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Best way to repair a small rust hole?

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PostPosted: Mon Jul 16, 2012 7:56 am
I'm a new member and complete novice when it comes to body repair and painting. I've got a 2002 Chrysler T&C minivan in great shape except for one smal larea of rust bubbles on the edge of the right-rear wheel well (where the metal is rolled over to form the wheel well edge.) I wire-wheeled the rust and applied a rust neutralizer. Now there's a one-inch crack about 2mm wide at the center which opens up the cavity formed by the rolled edge of the wheel well. I assume this means that there's some rust inside the cavity that I can't reach, although I sprayed rust neutralizer into the space. My plan is to slightly pound down the area around the crack to make a slight depression, and then apply some Kitty Hair to fill the hole and finish the surface. Is this a good plan? Also, do I need to apply some finishing Bondo on top of the Kitty Hair, or can I get a good smooth finish from the Kitty Hair alone? Any help would be greatly appreciated.

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PostPosted: Mon Jul 16, 2012 9:01 pm
I always recommend welding in new metal when fixing a rust hole or cancer. It really is the only way to fix it 100%.

If you want to use fiberglass filler or kitty hair, it will work fine. It won't last a long time (usually), but if you perform the repair right, it should last at least 1 - 3 years. The key to the procedure is removing as much rust as possible. The fiberglass filler likes to stick to very coarse ground metal or 36-60 grit scratch made by a sander/grinder. Dimpling the surface like you mention is exactly what you want to do. I have performed this repair on old Bajas and cars I didn't care about and you can't tell the difference. ;)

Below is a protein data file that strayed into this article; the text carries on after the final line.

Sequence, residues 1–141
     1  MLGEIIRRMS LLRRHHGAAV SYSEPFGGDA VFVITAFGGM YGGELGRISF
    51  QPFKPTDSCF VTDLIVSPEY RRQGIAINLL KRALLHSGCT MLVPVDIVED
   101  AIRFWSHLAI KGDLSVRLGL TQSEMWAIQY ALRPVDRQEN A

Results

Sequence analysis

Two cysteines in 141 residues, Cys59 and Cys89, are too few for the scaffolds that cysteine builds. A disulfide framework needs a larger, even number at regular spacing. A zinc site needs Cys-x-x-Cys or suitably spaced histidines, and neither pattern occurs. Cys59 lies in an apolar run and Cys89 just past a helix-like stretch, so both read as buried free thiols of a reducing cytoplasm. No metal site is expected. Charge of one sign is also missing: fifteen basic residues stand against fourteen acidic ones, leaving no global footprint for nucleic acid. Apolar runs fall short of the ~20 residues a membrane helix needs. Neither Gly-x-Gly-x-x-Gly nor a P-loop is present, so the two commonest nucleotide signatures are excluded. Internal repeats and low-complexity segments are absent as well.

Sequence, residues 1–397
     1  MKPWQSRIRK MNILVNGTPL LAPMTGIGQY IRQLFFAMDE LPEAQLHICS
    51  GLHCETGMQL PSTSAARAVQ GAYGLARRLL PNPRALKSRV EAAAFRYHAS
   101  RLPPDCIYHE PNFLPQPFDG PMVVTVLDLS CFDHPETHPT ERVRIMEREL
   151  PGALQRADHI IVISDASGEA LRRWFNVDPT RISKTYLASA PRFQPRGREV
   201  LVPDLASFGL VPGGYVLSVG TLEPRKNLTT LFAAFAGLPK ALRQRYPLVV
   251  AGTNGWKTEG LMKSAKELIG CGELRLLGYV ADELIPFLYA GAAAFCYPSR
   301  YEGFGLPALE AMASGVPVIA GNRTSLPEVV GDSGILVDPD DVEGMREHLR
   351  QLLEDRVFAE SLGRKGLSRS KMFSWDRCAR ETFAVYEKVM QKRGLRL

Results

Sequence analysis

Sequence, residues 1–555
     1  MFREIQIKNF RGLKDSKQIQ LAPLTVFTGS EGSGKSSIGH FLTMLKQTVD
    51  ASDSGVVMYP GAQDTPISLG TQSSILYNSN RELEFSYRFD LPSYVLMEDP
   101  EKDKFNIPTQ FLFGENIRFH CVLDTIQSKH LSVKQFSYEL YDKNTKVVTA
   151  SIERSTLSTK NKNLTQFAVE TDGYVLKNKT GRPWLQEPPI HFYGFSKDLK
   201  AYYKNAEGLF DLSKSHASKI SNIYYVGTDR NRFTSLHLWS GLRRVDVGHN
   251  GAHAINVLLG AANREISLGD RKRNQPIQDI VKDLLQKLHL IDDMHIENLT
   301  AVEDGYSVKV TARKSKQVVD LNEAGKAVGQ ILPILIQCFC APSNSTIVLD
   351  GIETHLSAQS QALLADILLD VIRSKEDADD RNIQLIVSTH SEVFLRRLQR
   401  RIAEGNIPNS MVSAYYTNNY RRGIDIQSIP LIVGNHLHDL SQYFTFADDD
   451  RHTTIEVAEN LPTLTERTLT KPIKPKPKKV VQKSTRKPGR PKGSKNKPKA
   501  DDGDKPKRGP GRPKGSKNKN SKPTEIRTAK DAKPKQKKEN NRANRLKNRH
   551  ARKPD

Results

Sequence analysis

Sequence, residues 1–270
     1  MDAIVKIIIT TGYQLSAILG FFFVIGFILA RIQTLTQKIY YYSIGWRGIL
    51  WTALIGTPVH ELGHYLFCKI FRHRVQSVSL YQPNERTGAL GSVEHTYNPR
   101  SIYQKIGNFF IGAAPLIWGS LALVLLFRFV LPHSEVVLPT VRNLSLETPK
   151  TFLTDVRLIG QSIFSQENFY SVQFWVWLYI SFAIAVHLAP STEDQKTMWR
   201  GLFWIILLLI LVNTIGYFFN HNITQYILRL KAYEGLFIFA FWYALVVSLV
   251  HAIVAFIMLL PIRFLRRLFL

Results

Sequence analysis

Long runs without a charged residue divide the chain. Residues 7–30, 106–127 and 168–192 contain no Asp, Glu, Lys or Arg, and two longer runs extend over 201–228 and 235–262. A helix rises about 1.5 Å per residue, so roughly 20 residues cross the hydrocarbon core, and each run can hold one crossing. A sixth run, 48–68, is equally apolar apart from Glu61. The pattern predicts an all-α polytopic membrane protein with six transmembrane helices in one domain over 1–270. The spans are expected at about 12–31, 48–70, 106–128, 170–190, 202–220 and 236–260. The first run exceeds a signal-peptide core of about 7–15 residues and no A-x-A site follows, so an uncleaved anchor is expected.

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PostPosted: Tue Jul 17, 2012 3:20 am
Remember,,If possible, treat the back of your repair.
"The number of parasites in the USA has now eclipsed the number of productive members of society"


Capt Rick Hiott.
www.reelfishhead.com

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PostPosted: Tue Jul 17, 2012 3:48 pm
Good point. I try to "fog" epoxy behind the panel with a wide fan and lots of pressure. If that doesn't work, I drip it down inside the door bottoms and slosh it around or spray undercoating. If you are in a humid climate, cars tend to rust from the inside out I'm finding.......

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